Kentucky Fried Chicken and the Global Fast-Food Industry

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Case Analysis
1.0 Source Problem

The change in demographic trends in the past two decades has seen an overall increase in costs for KFC and other fast food chains. Due to immense price competition and saturation of the US market, KFC is unable to raise its prices to cover the increased costs. The slower US population growth rate, oversupply of fast food chains and the minuscule 1% growth in the US restaurant industry per year has resulted in KFC''s focus on expansion of their international markets.

2.0 Secondary Problems

2.1 Short Term
'' New product introductions are slow.
'' Market research inefficiency. Eg. Germans were not accustomed to buying takeout or ordering over the counter. McDonalds performed better in this aspect. '' Crispy strips and chicken sandwiches cannibalized the fried chicken sales.

2.2 Long Term
'' Differences between the PepsiCo and KFC corporate strategy and culture. '' PepsiCo/KFC poor relationship with franchisees.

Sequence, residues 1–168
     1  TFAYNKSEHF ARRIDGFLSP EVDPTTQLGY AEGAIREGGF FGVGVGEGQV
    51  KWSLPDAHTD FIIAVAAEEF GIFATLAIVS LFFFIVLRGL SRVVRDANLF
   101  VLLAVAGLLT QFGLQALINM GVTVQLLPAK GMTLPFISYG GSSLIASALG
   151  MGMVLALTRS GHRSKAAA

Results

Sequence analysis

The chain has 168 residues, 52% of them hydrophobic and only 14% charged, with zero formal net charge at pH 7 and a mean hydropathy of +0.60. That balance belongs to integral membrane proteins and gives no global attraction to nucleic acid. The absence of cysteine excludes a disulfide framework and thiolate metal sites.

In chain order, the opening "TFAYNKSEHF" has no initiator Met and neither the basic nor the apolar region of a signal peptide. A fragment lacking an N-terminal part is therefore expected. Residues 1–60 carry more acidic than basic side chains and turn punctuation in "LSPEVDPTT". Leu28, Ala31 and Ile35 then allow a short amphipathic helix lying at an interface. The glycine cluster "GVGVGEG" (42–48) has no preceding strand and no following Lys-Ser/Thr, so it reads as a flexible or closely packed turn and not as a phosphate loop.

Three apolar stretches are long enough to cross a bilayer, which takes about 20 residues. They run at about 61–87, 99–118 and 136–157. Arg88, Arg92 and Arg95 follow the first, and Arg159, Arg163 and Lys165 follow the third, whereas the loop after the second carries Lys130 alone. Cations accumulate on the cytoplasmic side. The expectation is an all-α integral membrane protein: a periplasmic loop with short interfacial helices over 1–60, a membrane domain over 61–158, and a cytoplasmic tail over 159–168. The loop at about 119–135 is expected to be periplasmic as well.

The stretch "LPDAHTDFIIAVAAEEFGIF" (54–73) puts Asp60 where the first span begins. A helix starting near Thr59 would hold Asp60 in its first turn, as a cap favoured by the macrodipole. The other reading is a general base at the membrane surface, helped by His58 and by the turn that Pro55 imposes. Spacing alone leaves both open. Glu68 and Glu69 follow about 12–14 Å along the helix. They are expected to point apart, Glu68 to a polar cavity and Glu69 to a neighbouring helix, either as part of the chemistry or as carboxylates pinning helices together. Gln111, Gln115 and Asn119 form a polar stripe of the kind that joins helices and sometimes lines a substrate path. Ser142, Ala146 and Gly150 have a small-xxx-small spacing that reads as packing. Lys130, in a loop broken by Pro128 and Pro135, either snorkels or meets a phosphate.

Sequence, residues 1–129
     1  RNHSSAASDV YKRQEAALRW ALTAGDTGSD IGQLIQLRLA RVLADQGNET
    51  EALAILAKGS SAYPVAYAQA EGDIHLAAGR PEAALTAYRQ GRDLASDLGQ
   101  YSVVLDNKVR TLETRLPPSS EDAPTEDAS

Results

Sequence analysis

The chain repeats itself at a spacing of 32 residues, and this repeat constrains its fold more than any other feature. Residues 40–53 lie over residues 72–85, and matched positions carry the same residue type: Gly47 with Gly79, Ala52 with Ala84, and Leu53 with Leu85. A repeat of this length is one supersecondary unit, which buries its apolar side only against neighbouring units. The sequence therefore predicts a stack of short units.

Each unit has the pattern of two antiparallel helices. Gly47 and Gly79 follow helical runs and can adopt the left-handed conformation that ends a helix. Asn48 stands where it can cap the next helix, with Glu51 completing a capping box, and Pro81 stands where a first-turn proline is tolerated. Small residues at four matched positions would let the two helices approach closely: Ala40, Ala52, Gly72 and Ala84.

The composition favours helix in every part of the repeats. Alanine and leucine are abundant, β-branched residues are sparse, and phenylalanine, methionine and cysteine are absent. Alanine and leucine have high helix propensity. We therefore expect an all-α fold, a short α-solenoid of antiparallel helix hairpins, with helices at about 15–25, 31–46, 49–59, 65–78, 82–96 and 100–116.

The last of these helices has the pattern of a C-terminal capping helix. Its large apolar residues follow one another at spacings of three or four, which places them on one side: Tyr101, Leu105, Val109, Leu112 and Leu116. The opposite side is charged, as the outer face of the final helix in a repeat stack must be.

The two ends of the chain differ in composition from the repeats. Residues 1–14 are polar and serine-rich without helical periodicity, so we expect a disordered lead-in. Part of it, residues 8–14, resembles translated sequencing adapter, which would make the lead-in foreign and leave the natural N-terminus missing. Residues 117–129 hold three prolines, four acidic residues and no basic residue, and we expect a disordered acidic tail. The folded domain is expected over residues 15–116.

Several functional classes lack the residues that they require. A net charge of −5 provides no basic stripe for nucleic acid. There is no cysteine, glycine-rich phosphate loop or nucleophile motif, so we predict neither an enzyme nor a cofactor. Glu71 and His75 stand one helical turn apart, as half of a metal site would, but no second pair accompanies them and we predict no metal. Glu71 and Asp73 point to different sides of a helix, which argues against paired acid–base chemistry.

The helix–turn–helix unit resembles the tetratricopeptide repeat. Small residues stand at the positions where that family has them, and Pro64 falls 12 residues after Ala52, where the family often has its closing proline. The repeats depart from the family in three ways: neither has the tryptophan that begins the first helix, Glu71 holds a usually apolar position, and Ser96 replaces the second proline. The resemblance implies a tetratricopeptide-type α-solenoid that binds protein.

'' Increased competition from direct and indirect competitors. '' Reduction in market share in the US market.
'' Risks involved in international operations: long distances made it difficult to control quality and service, increased transportation and other resource costs, and time, culture and language differences increased communication and operational problems. '' Fast food sales grew at a slower rate (5%) in comparison to other sectors in the restaurant industry. '' Shortage in staff.

'' Higher costs and poor availability of prime real estate.
'' Increased labor costs. Intense competition made it difficult to increase prices to cover these increases in cost. '' Other chicken chain competitors differentiate their products. For example Boston Market introduces new restaurant chain that emphasized roasted...
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